LONDON – Britain is expanding a coronavirus vaccination program that has seen almost 6 million people get the first of two doses — even as the country’s death toll in the pandemic approaches 100,000.
Health Secretary Matt Hancock said Sunday that three-quarters of the U.K.’s over-80s have received a vaccine shot. He said three-quarters of nursing home residents have also had their first jab.
Almost 5.9 million doses of vaccine had been administered by Saturday. Health officials aim to give 15 million people, including everyone over 70, a first vaccine shot by Feb. 15, and cover the entire adult population by September.
Britain is inoculating people with two vaccines — one made by U.S. pharma firm Pfizer and German company BioNTech, the other by U.K.-Swedish drugmaker AstraZeneca and Oxford University. It has authorized a third, developed by Moderna.
It is giving them at doctors’ offices, hospitals, pharmacies and vaccination centers set up in conference halls, sports stadiums and other large venues. Thirty more locations are opening this week, including a former IKEA store and a museum of industrial history that was used as a set for the TV show “Peaky Blinders.”
Britain’s vaccination campaign is a rare success in a country with Europe’s worst confirmed coronavirus outbreak. The U.K. has recorded 97,329 deaths among people who tested positive, including 1,348 new deaths reported Saturday.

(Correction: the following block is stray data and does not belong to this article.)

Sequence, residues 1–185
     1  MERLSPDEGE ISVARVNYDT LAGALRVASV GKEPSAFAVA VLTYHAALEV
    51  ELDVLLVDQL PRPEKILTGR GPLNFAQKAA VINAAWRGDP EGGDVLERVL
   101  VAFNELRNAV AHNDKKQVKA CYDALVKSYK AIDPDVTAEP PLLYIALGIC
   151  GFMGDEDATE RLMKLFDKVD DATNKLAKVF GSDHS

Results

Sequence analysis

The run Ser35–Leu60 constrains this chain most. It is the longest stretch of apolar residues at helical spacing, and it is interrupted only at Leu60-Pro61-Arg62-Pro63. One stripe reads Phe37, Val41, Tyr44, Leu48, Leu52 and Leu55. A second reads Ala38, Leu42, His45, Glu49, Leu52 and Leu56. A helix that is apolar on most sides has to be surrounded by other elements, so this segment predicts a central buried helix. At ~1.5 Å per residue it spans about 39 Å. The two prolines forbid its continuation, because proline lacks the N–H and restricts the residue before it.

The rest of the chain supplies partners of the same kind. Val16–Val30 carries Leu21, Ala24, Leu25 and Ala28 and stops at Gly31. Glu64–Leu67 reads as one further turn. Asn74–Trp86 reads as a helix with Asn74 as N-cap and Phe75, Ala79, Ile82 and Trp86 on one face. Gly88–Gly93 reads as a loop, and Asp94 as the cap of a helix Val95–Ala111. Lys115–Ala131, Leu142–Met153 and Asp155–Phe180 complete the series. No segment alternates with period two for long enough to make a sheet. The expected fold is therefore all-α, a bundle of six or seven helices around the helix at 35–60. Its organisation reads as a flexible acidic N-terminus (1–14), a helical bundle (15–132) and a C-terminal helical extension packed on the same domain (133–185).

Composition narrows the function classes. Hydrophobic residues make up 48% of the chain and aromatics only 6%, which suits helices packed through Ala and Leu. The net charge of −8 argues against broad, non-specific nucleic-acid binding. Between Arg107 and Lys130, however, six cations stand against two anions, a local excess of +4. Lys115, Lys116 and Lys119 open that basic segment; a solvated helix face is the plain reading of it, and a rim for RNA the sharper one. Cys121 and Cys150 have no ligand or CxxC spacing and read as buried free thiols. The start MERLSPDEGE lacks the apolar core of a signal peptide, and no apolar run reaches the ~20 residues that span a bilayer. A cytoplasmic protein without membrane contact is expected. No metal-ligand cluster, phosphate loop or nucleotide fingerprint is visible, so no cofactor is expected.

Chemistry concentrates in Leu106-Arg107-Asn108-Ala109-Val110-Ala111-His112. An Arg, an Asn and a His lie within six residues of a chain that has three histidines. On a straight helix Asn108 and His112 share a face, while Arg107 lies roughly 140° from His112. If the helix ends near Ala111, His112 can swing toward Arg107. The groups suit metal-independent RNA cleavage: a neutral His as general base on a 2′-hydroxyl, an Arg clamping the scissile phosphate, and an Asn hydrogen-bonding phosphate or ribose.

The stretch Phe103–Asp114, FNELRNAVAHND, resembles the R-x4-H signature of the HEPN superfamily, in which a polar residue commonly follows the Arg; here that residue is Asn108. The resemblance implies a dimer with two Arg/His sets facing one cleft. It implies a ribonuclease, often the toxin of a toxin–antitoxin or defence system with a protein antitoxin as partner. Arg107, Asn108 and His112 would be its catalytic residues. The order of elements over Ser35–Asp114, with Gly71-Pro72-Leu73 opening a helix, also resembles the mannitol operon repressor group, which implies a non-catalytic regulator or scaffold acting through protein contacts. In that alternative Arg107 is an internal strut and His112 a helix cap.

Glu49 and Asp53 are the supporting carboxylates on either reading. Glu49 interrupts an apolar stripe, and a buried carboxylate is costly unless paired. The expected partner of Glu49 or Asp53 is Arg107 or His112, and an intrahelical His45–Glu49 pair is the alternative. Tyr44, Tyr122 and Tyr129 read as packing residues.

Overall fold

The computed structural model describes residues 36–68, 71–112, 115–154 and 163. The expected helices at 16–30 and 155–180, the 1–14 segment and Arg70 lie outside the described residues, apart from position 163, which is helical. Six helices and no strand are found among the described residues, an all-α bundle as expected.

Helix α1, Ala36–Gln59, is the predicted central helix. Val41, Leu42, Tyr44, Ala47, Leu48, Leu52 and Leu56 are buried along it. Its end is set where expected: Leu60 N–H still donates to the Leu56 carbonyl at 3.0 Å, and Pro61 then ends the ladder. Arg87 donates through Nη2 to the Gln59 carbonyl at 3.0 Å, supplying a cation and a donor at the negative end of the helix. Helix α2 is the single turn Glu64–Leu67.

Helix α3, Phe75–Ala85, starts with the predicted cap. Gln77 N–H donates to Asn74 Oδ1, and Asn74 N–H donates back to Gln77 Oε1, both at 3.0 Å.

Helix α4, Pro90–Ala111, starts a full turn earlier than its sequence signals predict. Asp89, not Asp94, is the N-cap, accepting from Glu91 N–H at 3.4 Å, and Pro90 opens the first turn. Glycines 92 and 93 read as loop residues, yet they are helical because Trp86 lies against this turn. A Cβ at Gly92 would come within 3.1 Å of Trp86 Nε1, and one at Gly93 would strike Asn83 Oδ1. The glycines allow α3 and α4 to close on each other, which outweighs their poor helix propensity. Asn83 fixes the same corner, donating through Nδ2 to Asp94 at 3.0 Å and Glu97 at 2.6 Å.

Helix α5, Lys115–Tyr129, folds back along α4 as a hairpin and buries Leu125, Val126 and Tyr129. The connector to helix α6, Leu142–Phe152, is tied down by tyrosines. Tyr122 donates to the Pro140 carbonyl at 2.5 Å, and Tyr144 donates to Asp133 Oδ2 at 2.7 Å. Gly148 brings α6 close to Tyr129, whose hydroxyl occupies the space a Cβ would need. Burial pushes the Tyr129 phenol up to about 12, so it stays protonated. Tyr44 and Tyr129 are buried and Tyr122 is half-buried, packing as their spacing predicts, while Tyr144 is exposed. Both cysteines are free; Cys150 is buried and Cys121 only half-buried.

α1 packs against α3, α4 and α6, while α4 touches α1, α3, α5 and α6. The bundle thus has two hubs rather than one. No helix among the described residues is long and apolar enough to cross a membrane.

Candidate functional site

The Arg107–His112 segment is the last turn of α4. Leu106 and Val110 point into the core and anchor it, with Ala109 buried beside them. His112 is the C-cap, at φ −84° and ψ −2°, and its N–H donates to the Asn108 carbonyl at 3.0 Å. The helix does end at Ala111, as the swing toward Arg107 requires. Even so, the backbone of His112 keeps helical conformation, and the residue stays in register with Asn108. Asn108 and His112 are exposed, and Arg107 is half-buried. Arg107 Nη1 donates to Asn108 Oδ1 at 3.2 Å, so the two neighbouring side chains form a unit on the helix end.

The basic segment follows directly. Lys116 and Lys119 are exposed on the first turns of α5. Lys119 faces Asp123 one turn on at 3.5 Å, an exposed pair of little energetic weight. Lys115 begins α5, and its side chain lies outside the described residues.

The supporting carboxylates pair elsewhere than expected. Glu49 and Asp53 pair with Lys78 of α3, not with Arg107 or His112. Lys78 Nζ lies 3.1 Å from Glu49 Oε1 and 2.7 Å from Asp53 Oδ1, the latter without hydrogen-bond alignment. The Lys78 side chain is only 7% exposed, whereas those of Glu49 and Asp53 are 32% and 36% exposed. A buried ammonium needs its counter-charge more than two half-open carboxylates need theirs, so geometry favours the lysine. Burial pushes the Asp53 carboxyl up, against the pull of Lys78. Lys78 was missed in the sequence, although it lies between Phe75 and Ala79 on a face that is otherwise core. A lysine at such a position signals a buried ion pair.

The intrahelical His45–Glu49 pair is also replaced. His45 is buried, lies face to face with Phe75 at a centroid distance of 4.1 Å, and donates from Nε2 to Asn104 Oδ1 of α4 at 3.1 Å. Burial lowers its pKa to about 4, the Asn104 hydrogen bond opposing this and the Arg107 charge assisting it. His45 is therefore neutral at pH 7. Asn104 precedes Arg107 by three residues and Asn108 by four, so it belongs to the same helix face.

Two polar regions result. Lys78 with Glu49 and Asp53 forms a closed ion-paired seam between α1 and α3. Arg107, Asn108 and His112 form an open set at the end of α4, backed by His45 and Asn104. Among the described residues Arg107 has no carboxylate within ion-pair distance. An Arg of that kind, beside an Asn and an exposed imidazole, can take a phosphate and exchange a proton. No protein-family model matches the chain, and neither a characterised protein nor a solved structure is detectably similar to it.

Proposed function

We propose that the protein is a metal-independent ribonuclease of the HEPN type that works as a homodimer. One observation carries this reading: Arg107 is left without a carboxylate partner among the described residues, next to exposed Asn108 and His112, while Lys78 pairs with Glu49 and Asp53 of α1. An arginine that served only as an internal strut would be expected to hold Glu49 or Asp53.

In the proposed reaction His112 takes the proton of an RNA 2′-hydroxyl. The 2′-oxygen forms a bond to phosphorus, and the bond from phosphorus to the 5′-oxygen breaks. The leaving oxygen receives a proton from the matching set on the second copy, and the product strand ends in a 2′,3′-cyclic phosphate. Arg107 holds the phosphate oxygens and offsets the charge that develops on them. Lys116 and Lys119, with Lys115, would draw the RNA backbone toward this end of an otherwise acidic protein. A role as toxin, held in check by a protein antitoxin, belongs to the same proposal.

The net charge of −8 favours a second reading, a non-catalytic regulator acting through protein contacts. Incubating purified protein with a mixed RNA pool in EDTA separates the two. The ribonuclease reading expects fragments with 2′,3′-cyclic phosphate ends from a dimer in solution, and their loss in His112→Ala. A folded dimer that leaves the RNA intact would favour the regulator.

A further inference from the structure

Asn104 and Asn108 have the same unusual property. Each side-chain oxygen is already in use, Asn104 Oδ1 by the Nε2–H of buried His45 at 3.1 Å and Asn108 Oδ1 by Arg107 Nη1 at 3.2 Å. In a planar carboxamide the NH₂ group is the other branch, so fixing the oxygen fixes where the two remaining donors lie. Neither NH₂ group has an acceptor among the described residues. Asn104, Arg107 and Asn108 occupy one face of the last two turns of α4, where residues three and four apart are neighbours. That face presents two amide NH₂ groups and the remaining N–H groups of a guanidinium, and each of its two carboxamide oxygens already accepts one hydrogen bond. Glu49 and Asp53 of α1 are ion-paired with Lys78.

The U.K. is set within days to become the fifth country in the world to record 100,000 COVID-19 deaths, after the United States, Brazil, India and Mexico — all of which have much larger populations than Britain's 67 million people.
Some health experts have questioned the Conservative government’s decision to give the two vaccine doses up to 12 weeks apart, rather than the recommended three weeks, in order to offer as many people as possible their first dose quickly.
AstraZeneca has said it believes a first dose of its vaccine offers protection after 12 weeks but Pfizer says it has not tested the efficacy of its jab after such a long gap.
The British Medical Association says the government should “urgently review” the policy.